Members of the University of Cape Town’s (UCT) black academic caucus have called for an in-depth inquiry into the circumstances that led to the death of top cardiologist and former health sciences dean Professor Bongani Mayosi.
Mayosi’s family revealed in a statement shortly after his death on Friday that he had committed suicide following a long struggle with depression. He was 51.
Some of Mayosi’s colleagues on Friday expressed their dismay at how the discourse immediately following his death was playing out.
“We, the black staff of the University of Cape Town are deeply concerned with the manner in which the circumstances that precipitated Professor Mayosi’s tragic fate on July 27 have been handled following the announcement by the family that he ‘took his own life’,” a statement from the UCT black academic caucus read.
“In their statement, the Mayosi family had clearly indicated that they were ‘struggling to come to terms with this devastating loss’ and specifically asked that we should ‘understand our need for privacy during this difficult time’.
“We thus feel strongly that the mudslinging we have been witnessing over the last few days is premature and not in keeping with the expressed wishes of the Mayosi family.
‘Black staff, students must be consulted’
“This period up to the burial of Professor Mayosi on August 4 should be devoted to mourning and celebrating his life.”
Earlier this week, UCT vice-chancellor Mamokgethi Phakeng said Mayosi had been deeply affected by insulting comments during the occupation of his office by Fees Must Fall protesters in 2015. However, former Fees Must Fall leader Chumani Maxwele laid the blame at the doorstep of the university.
The black academic caucus proposed that the university’s council set up an inquiry as soon as possible following Mayosi’s funeral to allow for a thorough investigation.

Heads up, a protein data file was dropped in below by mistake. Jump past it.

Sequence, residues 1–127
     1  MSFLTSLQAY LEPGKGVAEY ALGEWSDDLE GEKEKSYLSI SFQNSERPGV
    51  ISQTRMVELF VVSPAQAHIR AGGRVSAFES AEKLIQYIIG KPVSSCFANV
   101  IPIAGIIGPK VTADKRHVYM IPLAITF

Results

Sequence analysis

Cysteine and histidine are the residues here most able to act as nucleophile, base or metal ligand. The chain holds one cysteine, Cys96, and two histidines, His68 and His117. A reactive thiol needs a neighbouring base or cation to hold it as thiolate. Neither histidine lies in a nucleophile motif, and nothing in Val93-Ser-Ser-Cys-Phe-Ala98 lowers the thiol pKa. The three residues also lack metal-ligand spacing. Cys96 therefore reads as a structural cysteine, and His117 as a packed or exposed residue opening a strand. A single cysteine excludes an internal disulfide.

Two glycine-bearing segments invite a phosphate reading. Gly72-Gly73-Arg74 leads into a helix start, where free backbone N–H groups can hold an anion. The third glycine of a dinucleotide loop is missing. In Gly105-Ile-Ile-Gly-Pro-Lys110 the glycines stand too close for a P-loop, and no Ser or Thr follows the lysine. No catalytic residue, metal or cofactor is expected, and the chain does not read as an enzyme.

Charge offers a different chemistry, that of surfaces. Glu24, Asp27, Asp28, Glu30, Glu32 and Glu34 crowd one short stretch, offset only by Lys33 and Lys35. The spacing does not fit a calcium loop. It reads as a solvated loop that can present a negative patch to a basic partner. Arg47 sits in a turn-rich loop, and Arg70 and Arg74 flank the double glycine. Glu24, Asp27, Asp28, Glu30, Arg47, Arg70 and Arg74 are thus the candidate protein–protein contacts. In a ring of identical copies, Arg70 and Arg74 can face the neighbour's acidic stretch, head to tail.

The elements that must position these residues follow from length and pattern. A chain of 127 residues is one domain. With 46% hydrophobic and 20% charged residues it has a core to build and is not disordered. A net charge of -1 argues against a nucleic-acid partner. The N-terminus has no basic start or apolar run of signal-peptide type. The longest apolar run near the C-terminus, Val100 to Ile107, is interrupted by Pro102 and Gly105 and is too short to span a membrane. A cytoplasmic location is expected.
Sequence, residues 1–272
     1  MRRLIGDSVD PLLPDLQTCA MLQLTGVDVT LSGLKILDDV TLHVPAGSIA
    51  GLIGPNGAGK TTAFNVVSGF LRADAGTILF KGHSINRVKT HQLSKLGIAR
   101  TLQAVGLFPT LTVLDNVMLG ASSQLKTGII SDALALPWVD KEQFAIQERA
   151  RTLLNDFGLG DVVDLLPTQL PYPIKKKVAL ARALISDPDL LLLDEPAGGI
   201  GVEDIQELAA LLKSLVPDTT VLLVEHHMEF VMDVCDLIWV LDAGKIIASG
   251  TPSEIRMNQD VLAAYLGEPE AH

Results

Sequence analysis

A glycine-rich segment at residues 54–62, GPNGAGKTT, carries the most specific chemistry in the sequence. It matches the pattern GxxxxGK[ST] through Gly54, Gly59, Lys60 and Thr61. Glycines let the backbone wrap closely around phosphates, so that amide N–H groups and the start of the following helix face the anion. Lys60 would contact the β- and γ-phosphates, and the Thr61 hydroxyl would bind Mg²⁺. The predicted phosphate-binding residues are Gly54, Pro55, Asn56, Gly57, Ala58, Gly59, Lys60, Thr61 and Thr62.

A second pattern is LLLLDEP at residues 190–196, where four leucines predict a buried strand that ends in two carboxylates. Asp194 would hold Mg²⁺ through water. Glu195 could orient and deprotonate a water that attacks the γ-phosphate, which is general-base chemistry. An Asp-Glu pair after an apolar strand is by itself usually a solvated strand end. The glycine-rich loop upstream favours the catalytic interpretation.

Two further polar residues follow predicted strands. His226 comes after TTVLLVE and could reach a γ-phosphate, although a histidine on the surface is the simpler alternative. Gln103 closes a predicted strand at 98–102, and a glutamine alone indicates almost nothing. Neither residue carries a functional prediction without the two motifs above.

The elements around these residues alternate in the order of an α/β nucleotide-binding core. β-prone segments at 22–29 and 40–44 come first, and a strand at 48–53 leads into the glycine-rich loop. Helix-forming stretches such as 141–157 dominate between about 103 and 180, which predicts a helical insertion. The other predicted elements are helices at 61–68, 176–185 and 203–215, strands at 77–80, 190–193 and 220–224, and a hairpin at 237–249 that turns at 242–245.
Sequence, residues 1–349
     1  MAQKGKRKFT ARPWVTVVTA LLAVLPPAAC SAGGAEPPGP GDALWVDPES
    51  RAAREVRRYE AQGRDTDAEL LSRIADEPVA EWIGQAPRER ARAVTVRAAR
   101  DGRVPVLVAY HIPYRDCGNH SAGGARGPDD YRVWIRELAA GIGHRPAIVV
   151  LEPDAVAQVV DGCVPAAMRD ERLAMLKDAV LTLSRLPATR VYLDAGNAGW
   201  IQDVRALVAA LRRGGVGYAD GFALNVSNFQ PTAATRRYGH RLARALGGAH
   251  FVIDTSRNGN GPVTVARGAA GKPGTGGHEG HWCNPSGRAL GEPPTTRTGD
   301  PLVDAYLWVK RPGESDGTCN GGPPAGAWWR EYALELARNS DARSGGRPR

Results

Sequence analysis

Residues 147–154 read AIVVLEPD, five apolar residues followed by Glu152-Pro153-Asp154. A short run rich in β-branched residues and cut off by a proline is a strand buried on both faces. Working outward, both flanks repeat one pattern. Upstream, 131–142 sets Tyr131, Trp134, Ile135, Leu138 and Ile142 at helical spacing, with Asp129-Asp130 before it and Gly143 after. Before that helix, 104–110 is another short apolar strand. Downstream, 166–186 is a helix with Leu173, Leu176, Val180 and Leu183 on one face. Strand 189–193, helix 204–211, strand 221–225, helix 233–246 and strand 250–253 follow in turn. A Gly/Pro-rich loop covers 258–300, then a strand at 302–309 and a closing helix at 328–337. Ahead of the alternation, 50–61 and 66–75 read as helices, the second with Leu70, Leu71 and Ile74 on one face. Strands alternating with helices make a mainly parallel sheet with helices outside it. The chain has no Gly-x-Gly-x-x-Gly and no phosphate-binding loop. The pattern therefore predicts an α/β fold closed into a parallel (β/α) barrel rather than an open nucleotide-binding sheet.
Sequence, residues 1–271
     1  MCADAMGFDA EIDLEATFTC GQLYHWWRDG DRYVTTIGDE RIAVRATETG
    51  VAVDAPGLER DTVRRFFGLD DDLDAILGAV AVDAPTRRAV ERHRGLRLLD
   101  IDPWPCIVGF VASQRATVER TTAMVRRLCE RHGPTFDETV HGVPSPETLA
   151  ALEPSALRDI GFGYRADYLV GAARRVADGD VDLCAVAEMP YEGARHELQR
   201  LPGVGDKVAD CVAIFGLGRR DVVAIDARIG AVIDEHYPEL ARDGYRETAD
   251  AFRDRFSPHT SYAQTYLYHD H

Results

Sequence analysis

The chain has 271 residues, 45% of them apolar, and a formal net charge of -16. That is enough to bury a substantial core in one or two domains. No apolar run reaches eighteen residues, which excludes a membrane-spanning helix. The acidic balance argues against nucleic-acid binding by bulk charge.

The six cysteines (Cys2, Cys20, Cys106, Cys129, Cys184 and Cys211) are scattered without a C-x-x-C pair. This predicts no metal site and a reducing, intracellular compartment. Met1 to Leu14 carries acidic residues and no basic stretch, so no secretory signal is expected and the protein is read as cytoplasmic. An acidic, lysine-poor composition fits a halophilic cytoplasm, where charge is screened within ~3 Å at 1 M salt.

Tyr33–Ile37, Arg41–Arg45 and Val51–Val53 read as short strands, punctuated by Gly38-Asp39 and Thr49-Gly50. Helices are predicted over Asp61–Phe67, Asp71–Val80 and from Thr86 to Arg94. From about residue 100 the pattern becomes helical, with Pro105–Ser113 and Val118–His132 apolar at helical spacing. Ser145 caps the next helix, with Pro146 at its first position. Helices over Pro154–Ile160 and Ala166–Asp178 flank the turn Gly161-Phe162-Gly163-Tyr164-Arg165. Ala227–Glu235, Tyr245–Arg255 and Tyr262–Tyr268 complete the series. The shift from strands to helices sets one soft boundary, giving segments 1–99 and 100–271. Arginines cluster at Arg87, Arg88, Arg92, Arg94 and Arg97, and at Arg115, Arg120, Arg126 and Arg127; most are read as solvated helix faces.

“We further propose that this inquiry must be set up in consultation with especially black staff and students, who have on various occasions expressed their experiences of being marginalised at UCT.
“It is our view that an understanding of the working conditions in institutions such as UCT is key to such an inquiry. It is hard for us to exclude the UCT working environment from the tragic death of our colleague, and indeed others, including students.”
The group proposed that the process be transparent and all record and archives pertinent to the probe be made available.
“This applies specifically to all the correspondence and reports from the period students are alleged to have occupied Professor Mayosi’s office in 2016 to the day he passed away.”
Special provincial official funeral
It was their view that the results of the inquiry would not only help everyone understand the circumstances of Mayosi’s death, but would also contribute to identifying precisely “what it is that is wrong with the UCT structures and how these could be addressed to the benefit of especially the historically and currently marginalised groups, predominantly blacks”.
President Cyril Ramaphosa on Thursday declared that a special provincial official funeral would be held for Mayosi.
The country’s flag would also be flown at half-mast in the Western Cape on the day of his funeral, expected to be on Saturday. More details will be communicated by the Western Cape government.
The university held a memorial for Mayosi on Thursday.
Phakeng told mourners that Mayosi was the embodiment of “black excellence”, and understood the struggles of Africans “first-hand”.
Professor Mayosi was the dean of the faculty of health sciences at UCT at the time of his death, an A-rated National Research Foundation researcher and one of the country’s top cardiologists.
He is survived by his wife Professor Nonhlanhla Khumalo and his two daughters.[source: News24]